3 Cornered Garlic or Leek (Allium triquetrum)


Allium triquetrum
In season, fields of white can be seen

 

It’s a weird year around Gawler for some plants. Usually by now, little snowflakes are appearing in our parks and on our roadsides. This year, there aren’t many yet, but down south, they’re starting to be seen.

What am I carrying on about? The flowers of the 3 Cornered Garlic plant (Allium triquetrum) that’s what.

 

Clumps of 3 Cornered Garlic appear in moist places
Clumps of 3 Cornered Garlic appear in moist places

 

I’m lucky that for this post, our FB friend , Crystal Gane was kind enough to send me some pics so that I could get this post done and this delicious herb onto your plates. Thanks Crystal for supplying the first 3 pics for this page

3 Cornered Garlic has many names, all alluding to the 3 cornered leaves and the garlicky nature of its odour.

 

The green line is a distinguishing feature
Clusters of flowers with a green line on each petal

 

While there’s not a lot of info about 3 Cornered garlic’s use as a herbal remedy, I assume that because it’s in the Onion family (Alliaceae), and has the characteristic smell of that family, it is chock full of sulphur compounds.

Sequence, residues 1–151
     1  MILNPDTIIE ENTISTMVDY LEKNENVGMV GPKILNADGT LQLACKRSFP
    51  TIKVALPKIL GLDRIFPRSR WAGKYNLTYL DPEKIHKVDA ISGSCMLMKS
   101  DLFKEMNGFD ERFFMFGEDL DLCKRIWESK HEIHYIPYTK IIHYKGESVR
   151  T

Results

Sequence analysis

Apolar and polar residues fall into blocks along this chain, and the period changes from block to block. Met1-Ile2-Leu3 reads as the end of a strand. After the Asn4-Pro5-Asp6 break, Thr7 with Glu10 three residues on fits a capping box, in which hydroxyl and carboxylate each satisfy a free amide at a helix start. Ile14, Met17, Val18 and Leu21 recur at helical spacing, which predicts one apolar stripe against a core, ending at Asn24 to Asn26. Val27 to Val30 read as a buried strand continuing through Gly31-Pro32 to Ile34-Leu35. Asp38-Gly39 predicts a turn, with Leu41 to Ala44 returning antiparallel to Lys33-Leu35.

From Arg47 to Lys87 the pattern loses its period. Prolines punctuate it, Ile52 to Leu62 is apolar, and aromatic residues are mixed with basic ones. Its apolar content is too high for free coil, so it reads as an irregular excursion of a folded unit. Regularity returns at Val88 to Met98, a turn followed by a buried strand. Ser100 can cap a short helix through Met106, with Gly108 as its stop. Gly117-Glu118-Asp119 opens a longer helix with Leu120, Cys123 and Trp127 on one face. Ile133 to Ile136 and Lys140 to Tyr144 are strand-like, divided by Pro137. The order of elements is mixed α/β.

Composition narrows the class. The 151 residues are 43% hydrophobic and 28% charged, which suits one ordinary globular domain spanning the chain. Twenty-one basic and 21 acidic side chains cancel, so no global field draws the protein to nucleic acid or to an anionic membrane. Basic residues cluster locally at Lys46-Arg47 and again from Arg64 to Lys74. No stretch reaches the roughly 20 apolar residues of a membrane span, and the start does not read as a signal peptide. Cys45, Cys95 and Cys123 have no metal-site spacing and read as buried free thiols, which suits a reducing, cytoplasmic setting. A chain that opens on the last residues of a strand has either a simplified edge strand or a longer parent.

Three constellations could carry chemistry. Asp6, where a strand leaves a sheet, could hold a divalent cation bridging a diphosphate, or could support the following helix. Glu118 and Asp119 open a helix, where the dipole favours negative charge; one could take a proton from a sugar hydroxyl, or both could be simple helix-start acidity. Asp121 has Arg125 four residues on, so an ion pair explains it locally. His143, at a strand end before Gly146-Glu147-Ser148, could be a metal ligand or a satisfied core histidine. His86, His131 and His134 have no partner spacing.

These compounds not only give this family their smell, but their reputation as system cleaners, digestive tonics and lowerers of cholesterol. I love onions and their kin and recommend they be included in everybody’s diets.

To cook with it, you can use the small bulbs that form, and can be harvested in summer when, true to its family, 3 Cornered Garlic’s leaves die back. but why wait? Just snip off a few leaves and add them to your meal. My favourite way to eat them is raw with cheese, some folks recommend lightly frying them, but I can’t wait that long!

 

supporting rib
The long, soft, leaves have a supporting rib

 

To identify them, look for lots of pretty white flowers and soft, fat, grass like leaves. The flowers are white and have a distinguishing green line in the middle of each petal. If you pick a leaf and look at it in cross section, it will be clear where both the common and botanic names come from.

 

the 3 corners that give this plant its name
Cut a leaf and look at the midsection, you can see the 3 corners that give this plant its name
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